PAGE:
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Shark: In the Grasp

Stark and his team are given the case of an alleged rape of a student by three football players, one of whom is the star quarterback. The university wants as little press as possible and claims they can refuse to release information without a subpoena. Plus, the teammates are refusing to help in some sort of code of silence. Additionally, the victim seems to be hiding facts vital to the case.

Meanwhile, Julie has been suspended from school following allegations that she plagiarized her Longfellow term paper and Stark goes to the school to get his daughter back into class.

Episode Info

Episode number: 1x5
Production Number: 1AMK04
Airdate: Thursday October 19th, 2006

Director: Steven DePaul
Writer: Devon Greggory

Alternate Airdates:

UK (Channel 5) Apr 19, 2007
BE (VTM) Jul 10, 2007
AU (Seven) Dec 11, 2007
DE (Vox) Feb 11, 2008


Guest Stars
Alex FernandezAlex Fernandez
As Norman Saunders
Dave Allen ClarkDave Allen Clark
As Reporter #2
Matt LanterMatt Lanter
As Eddie Linden
Rick FittsRick Fitts
As Judge Walker
Aaron HillAaron Hill
As Jock #2
Adam ClarkeAdam Clarke
As Detective Frye
Alicia ZieglerAlicia Ziegler
As Tandi Parker
Andrew LukichAndrew Lukich
As Stu Gates
Andy UmbergerAndy Umberger
As Dr. Bennett Flynn
Arielle KebbelArielle Kebbel
As Sydney Blair
Bryce JohnsonBryce Johnson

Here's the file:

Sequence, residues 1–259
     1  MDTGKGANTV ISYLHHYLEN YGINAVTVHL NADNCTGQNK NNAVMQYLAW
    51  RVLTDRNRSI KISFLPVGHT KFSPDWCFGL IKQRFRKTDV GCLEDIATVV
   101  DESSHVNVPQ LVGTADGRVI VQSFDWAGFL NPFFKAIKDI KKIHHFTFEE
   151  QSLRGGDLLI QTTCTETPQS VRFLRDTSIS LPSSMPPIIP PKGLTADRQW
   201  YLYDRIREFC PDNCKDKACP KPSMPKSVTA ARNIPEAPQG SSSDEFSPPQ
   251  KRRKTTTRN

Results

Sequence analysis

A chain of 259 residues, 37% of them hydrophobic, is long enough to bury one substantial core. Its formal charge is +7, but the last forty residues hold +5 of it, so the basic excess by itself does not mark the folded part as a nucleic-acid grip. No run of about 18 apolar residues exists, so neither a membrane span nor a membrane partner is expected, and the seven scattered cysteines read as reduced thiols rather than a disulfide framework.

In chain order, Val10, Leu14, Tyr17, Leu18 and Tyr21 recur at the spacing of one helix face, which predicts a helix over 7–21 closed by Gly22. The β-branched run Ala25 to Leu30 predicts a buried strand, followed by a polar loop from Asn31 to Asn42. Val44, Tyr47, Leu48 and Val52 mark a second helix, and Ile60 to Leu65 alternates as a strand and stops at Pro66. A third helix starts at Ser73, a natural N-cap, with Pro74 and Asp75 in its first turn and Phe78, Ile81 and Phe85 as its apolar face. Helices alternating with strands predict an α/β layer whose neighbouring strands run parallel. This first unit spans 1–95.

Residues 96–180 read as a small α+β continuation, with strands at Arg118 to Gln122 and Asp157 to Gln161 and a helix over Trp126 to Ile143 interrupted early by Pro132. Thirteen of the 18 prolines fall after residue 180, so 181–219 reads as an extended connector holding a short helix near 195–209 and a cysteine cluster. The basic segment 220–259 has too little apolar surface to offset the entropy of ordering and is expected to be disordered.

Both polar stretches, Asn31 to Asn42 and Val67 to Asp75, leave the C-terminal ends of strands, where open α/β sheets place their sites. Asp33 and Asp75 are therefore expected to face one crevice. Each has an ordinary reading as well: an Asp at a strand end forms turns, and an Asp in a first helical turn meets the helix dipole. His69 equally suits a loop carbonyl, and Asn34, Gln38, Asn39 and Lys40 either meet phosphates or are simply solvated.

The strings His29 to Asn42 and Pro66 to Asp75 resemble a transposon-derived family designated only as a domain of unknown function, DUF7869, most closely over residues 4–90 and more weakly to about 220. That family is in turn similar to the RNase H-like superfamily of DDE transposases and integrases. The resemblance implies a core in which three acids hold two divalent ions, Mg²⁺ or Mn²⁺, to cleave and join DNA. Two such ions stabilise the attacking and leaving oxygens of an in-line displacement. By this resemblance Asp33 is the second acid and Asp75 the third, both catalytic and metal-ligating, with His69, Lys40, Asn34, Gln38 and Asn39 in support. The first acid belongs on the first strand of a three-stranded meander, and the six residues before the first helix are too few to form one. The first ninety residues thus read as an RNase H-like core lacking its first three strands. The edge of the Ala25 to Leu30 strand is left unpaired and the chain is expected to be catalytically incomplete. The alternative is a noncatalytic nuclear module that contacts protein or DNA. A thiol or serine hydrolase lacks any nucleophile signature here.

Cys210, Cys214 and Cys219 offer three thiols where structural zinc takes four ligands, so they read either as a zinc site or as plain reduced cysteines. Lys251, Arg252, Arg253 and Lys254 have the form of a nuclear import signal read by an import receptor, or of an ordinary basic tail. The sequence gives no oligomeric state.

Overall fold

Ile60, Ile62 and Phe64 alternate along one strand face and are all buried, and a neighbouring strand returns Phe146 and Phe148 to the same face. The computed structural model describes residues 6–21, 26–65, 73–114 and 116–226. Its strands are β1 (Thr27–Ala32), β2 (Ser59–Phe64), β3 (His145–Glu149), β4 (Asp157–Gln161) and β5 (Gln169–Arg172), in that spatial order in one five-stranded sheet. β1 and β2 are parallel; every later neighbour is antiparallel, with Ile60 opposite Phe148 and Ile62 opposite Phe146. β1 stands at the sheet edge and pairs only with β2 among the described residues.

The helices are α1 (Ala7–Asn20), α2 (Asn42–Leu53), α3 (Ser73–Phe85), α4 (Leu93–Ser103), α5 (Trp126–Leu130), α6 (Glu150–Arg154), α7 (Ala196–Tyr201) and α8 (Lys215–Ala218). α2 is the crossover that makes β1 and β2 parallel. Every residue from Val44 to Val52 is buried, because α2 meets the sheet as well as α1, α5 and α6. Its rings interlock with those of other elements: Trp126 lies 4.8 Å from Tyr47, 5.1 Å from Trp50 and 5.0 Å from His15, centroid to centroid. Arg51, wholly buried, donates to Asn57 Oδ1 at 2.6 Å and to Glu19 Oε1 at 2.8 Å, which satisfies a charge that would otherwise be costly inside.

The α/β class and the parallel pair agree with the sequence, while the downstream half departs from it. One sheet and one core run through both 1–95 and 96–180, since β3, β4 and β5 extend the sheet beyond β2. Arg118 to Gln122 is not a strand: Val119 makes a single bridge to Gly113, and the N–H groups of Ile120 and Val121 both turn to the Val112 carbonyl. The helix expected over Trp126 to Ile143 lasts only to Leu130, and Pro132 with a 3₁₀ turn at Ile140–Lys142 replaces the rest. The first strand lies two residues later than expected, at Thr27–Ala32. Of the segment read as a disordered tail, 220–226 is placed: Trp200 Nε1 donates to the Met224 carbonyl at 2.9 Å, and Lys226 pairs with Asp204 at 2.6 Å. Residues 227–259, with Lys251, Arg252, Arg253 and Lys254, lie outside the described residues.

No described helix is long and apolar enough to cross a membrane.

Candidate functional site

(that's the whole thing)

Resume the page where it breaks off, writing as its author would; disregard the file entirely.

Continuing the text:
As Josh Carpenter
Damaine RadcliffDamaine Radcliff
As Nelson Moore
Erik AudeErik Aude
As Seth Taylor
Frank PachecoFrank Pacheco
As Jock #1
Jill ArringtonJill Arrington
As Reporter #1
Lu ParkerLu Parker
As Reporter #3
Marguerite MacIntyreMarguerite MacIntyre
As Vivian Anderson
Paul SchulzePaul Schulze
As Ted Jeffries
Episode Notes
The events in this episode were likely inspired by a very similar set of events surrounding allegations of rape against players on the Duke University Lacrosse team. The general structure of the plot and many details allude to this case.

Cultural References
Poe: He should burn in Hell.
Stark: Well, before you call Dante...

Dante Alighieri lived in the 13th and early 14th centuries. A Florentine poet, his best known work is an epic poem entitled The Divine Comedy that describes what amounts to a guided tour of Hell, Purgatory, and Paradise. By far the most accessible part is the first part, Inferno, which descibes the trip through Hell.

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